What are the challenges the foundation had been encountering since its inception?

Finance has been the greatest challenge since inception. Managing the social media pages where teaching goes on daily is very expensive. Presently we are planning to launch a medical outreach to Ifaka local government, Mando, Kaduna State, but the major constraints has been funding. For one month we have been reaching out to people to sponsor this outreach but responses have been low. Everyone complains of the socioeconomic situation in the country. We also have the challenge of encouraging pregnant women to listen and utilise the teachings done on our  social media platforms namely: Facebook, Instagram, LinkedIn and WhatsApp. Our VIP Mums Academy and Facebook community also needs funding  to run smoothly. So far, I have been running the foundation with my paycheck as a nurse. As we speak, my salary can no longer conveniently run the NGO.

 

Can you give statistics on the mortality rate of pregnant women recorded this year?

Maternal Mortality rate recorded in Nigeria in the year 2020 was 814 in every 100,000 live births according to World Health Organisation (WHO). I don’t have the statistics for 2021 just yet but I believe it would have further dropped. Maternal mortality ratio (MMR) in several low-and-middle-income countries is alarming, with about 34% of global maternal deaths occurring in Nigeria and India alone. The lifetime risk of a Nigerian woman dying during pregnancy, childbirth, postpartum or post-abortion is 1 in 22, in contrast to the lifetime risk in developed countries estimated at 1 in 4900.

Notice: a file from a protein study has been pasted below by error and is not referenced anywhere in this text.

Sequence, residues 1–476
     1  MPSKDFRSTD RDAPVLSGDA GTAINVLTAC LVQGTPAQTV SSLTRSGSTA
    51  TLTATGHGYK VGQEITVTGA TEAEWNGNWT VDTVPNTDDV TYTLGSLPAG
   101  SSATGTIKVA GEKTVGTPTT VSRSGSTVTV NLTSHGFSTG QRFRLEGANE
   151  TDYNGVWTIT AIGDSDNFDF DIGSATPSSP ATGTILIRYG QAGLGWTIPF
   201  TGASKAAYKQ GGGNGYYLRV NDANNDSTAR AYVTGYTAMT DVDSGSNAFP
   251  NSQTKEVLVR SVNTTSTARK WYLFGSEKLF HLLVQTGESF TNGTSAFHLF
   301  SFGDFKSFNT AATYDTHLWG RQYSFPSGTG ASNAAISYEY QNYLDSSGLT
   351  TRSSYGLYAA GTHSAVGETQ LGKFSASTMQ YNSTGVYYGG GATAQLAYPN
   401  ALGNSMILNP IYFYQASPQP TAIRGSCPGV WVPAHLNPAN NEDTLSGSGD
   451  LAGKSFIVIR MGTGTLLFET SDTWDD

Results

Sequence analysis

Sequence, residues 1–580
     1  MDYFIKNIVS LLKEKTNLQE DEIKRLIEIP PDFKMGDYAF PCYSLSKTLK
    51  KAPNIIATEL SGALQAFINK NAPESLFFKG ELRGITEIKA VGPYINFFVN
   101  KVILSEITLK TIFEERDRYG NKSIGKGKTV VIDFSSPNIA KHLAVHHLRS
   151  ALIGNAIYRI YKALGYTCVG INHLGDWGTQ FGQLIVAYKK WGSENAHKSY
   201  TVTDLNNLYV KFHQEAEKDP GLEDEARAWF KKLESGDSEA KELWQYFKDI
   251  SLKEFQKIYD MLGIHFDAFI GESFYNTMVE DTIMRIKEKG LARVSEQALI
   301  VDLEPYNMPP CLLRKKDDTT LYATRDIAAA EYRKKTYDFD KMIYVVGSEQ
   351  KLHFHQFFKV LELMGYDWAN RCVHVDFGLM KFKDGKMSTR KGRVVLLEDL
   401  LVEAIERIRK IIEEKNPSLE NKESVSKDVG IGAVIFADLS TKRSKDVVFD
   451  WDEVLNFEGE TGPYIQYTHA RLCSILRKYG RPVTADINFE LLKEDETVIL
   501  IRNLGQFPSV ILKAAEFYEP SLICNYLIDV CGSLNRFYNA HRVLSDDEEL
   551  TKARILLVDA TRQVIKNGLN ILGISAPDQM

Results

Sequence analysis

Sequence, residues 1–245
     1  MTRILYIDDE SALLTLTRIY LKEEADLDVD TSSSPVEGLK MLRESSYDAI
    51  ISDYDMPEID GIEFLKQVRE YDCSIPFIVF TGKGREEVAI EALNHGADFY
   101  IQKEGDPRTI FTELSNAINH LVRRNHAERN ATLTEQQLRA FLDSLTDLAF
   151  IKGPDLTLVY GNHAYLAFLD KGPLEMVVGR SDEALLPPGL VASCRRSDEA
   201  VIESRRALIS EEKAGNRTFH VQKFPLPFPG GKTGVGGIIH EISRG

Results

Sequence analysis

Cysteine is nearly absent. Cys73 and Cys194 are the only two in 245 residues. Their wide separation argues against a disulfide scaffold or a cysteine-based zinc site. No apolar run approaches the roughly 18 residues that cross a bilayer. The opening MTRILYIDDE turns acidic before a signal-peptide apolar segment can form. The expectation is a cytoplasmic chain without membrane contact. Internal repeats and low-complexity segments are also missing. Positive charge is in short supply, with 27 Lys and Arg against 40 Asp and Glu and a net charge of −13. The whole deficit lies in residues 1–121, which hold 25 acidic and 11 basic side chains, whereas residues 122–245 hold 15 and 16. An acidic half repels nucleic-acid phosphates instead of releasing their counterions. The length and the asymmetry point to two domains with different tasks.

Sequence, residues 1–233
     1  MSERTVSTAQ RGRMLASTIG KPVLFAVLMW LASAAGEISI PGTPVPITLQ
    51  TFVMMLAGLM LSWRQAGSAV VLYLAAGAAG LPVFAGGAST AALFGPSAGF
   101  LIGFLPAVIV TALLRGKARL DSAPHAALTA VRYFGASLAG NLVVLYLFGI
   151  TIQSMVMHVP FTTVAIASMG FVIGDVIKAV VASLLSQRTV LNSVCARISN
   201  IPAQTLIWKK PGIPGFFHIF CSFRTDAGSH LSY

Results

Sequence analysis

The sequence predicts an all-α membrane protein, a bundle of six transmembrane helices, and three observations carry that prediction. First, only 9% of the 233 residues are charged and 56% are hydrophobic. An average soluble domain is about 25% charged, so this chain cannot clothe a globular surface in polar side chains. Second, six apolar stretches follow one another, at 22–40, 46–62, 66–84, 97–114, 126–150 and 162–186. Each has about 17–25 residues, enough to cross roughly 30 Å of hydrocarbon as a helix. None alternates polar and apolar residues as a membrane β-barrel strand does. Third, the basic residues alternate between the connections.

Why nursing and Midwifery?

Nursing was chosen for me by my parents. But before the end of my first year, I began to find purpose in it and grew to love the profession despite its many challenges. I chose midwifery because I was always thrilled and excited about every new life I birthed while I worked in a private hospital as a fresh registered nurse.

 

What advice do you have for women as regards staying healthy during pregnancy?

Staying health during pregnancy is a whole bulk of teaching. But in summary, I would advice every pregnant woman to have a pregnancy support coach or managing midwife. This midwife will be a go-to medic whenever she has complaints and has questions. This service can be provided on social media using the cheapest platform which is Whatsapp. Pregnant women can get connected to their obstetricians and midwives online and seek help faster just like I do for my clients at Pregnancy Support foundation.  If this happens, she would have access to all information she needs to stay healthy in pregnancy.